J. RICHARD GOTT JR., M.D., F.A.C.P.; EDWIN L. SMITH, M.D.; DALLAS D. DORNAN, M.D.
Acute upper gastrointestinal hemorrhage is a medical emergency, the proper management of which has been the subject of much controversy. For many years it was believed that the patient should be placed at bed-rest, be given nothing by mouth, and receive no intravenous fluid or blood. The starvation régime was to rest the stomach, and the withholding of intravenous fluids was to prevent an increase in the blood pressure with the possibility of blowing out the clot. In some cases, intubation was done in order to aspirate the acid secretions which might digest the clot. After a period of starvation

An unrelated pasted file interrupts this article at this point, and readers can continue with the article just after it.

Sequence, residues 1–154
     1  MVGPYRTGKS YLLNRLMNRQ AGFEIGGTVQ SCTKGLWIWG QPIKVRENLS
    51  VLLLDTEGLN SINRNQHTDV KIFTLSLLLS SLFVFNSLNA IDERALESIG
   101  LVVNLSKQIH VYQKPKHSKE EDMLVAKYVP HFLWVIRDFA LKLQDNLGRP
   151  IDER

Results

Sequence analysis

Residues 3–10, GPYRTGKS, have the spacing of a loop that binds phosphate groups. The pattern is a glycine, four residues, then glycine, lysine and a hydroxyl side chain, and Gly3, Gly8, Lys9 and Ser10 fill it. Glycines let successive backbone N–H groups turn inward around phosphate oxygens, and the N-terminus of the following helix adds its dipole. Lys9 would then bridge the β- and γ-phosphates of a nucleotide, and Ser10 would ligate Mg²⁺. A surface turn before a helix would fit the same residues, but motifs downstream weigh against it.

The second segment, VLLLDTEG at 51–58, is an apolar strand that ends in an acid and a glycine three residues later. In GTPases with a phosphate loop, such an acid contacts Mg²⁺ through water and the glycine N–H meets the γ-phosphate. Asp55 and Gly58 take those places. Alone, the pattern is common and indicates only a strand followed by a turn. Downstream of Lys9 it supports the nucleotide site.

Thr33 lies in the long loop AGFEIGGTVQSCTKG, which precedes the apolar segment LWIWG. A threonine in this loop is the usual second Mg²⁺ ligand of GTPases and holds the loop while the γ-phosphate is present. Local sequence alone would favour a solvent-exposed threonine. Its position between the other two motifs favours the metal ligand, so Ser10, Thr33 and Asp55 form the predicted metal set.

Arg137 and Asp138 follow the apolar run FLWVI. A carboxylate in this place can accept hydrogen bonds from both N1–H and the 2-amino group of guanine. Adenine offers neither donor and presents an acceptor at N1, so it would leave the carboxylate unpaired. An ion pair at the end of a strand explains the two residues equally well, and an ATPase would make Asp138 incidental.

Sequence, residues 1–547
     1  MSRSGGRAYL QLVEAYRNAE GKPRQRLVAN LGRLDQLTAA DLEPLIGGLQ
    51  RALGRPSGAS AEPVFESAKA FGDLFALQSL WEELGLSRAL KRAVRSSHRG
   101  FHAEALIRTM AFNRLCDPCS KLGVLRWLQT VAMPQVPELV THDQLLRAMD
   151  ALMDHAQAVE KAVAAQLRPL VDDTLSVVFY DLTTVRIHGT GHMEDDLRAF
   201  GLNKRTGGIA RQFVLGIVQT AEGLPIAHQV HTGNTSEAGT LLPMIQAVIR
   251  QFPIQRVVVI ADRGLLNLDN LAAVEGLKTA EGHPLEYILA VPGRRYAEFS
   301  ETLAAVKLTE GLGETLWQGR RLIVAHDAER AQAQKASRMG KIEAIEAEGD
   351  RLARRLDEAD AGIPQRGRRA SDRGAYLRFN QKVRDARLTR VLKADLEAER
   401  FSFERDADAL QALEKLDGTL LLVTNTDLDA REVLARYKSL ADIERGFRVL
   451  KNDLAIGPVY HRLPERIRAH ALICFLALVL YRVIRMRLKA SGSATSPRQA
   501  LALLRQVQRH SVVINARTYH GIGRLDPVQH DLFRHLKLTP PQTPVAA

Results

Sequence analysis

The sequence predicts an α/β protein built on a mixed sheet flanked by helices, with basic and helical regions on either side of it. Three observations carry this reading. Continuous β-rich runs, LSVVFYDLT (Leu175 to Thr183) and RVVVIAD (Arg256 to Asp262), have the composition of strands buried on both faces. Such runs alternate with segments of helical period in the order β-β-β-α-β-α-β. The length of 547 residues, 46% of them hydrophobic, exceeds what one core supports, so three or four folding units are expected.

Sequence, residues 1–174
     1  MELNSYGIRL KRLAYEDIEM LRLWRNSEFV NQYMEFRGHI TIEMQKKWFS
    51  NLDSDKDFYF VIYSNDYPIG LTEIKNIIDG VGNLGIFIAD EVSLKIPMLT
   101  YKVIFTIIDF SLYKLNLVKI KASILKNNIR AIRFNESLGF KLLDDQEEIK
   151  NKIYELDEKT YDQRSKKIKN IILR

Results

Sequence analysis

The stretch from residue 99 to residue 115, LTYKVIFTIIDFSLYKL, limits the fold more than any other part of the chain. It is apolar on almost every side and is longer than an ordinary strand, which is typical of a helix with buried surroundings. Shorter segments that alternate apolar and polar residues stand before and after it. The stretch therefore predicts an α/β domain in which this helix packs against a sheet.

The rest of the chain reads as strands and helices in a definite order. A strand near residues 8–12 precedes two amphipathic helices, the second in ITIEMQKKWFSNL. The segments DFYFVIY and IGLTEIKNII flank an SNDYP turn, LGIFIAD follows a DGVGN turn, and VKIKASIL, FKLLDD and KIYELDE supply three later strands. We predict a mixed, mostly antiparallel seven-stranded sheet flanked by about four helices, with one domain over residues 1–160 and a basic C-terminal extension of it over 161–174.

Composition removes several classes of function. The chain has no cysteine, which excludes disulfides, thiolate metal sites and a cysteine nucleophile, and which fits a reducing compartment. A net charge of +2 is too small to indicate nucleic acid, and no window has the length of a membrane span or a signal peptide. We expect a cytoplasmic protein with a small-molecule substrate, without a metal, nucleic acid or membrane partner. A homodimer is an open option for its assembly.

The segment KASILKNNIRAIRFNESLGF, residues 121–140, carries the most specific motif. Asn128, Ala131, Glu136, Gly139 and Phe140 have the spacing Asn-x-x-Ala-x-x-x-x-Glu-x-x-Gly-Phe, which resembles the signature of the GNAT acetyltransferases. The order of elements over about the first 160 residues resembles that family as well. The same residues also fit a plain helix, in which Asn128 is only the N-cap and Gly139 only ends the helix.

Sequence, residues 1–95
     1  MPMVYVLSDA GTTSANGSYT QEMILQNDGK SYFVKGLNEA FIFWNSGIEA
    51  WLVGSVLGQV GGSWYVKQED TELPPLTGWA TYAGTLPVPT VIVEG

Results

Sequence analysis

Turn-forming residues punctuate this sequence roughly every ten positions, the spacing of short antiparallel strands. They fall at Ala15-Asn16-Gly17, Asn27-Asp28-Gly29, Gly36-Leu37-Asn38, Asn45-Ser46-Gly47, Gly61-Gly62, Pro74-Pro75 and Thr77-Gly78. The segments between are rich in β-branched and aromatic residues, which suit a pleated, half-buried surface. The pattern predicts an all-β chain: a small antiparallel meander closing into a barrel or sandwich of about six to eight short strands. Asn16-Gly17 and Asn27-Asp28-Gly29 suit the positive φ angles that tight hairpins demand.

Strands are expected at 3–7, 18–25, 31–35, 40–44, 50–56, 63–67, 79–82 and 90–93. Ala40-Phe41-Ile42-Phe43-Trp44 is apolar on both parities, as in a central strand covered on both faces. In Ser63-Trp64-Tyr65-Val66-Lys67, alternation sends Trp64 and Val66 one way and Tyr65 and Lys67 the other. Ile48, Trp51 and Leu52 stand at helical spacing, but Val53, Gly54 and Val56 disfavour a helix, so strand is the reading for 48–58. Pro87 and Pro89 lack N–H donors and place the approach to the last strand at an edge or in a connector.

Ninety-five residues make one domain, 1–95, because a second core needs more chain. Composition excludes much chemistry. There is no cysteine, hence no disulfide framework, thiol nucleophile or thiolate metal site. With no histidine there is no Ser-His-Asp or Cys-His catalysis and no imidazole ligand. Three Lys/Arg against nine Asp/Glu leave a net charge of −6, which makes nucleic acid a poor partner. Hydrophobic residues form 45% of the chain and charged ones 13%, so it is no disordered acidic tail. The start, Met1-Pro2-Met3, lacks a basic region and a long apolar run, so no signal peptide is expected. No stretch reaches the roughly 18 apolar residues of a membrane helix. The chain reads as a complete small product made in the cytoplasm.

GOTT JR, SMITH EL, DORNAN DD. ACUTE SEVERE UPPER GASTROINTESTINAL HEMORRHAGE: A REVIEW OF 195 CASES1. Ann Intern Med. 1952;36:1001–1016. doi: 10.7326/0003-4819-36-4-1001
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Published: Ann Intern Med. 1952;36(4):1001-1016.
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